As I have been around many projects, iterative doesnt seem like the only option practictioned across every section of the software business. As much as iterative feels natural in virtually any startup environment I have taken part of, it still fails regulatory requirements of finance or medical – both which I had to experience first hand.

As one can observe continual efforts in improving both software development paradigms, however "agile" and "waterfall" are typically presented in opposition to each other.

Larger, more critical projects tend to require more architecting investment typically practitioned in waterfall methodologies. The evidence provided across decades of data on the degree of increase in software cost-to-fix versus delay-of-fix is that for large projects, the increase from fixing requirements changes and defects during requirements definition to fixing them once the product is fielded continues to be around 100:1. However, this ratio can be significantly reduced by higher investments in early requirements and architecture verification and validation - which typically are the resons for investing in some sort of waterfall development model. The key concept of waterfall software development follows v-model and consists of distinct phases: a) business analysis, b) requirements engineering, c) detailed design, d) software implementation (coding), e) software verification (testing).

Smaller projects, where requirements are minimal and evolving, typically benefit from one of the forms of iterative development (commonly referred to as "agile"). In fact, iterative software development is the development of a software system through repeated cycles (iterations), in smaller portions at a time (increments). It allows developers to learn from previous iterations and make changes to future iterations. The key concepts that form the foundation of all modern agile software development methodologies include a) smaller portions, also called limited scope. These help contain complexity and reduce risk. b) Early feedback by learning from previous iterations and apply changes to next iterations. Early feedback helps correct costly decisions and implementations early on in the process. c) Delivering more functionality through repeating development cycles.

There seems to be no "one size fits all" approach that would universally represent the best approach to all projects. Is there any way of combining the best of both worlds to satisfy business requirements in terms of predictability, scalability, agility and compliance at the same time? In case of many projects, it seems like they would not fall directly in any of the ends of the scale of small (and evolving) or large (and stable). How about approaching software development lifefycle with a combination of waterfall and agile practices – essentially encapsulating warterfall proces development proces as a set of agile sprints? Each sprint composes of sprint planning in a form of business analysys, feasability study, software estimation and breakdown, development and testing?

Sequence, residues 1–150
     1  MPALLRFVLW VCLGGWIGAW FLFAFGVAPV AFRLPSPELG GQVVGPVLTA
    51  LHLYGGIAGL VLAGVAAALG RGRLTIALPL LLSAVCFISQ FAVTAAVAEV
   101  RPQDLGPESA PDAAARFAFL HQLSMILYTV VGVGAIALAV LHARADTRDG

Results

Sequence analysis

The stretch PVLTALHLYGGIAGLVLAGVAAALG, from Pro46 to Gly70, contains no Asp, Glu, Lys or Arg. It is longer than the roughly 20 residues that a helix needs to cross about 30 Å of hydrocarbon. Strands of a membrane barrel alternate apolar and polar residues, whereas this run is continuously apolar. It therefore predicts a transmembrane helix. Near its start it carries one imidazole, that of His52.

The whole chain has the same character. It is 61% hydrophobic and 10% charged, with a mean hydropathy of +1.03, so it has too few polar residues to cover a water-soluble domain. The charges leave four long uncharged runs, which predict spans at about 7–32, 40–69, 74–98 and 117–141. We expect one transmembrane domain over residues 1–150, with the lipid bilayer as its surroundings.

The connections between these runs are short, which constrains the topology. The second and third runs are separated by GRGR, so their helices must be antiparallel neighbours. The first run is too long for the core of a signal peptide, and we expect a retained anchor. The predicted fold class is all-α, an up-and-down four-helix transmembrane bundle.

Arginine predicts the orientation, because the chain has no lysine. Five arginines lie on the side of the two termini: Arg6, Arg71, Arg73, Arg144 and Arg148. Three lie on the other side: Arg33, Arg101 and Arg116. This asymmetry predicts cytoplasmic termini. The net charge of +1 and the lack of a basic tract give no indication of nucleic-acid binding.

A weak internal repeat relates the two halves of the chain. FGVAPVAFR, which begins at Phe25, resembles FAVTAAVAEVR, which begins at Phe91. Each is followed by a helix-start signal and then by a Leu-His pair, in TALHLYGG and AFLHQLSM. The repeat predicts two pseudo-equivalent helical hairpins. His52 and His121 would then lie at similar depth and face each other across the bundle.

Combining agile with waterfall means being able to deliver smaller portions allows the user to be involved in testing and acceptance during each increment and thus provide valuable feedback. Frequent feedback that can be incorporated during next iterations is invaluable during software development. Being able to incorporate feedback and apply corrections adds lots more flexibility during development. However, the phases of the waterfall were all repeated for each iteration. You can think of the "iterative waterfall" model as a set of smaller waterfalls. As a result, the entire project has a lot less risk because each part is shorter and less complex.

If you think about it there's more to agile than iterative delivery. Agile software development is various approaches to software development under which requirements and solutions evolve through the collaborative effort of self-organizing and cross-functional teams and their customer(s)/end user(s). It advocates adaptive planning, evolutionary development, early delivery, and continual improvement, and it encourages rapid and flexible response to change. The change itself however can undergo more formal approach where investing in early investigation of complexity by formal estimation and specification can reduce the risk of missing the deadline of each iteration.

Combining agile with waterfall requires more generalist approach to software, which is typically referred to as "dev-ops". The agile waterfall development model delivered with more generalist approach pushes at the boundary of the classic phases of the software delivery model. Detailed requirement definition, normally performed during planning and analysis, has moved from complex diagrams to the code itself. Integration and testing have also become part of the implementation phase as they have been automated. And what about the actual delivery of software? Well, it’s been simplified. Now you can deploy working software frequently with a few steps, or even through complete automation.

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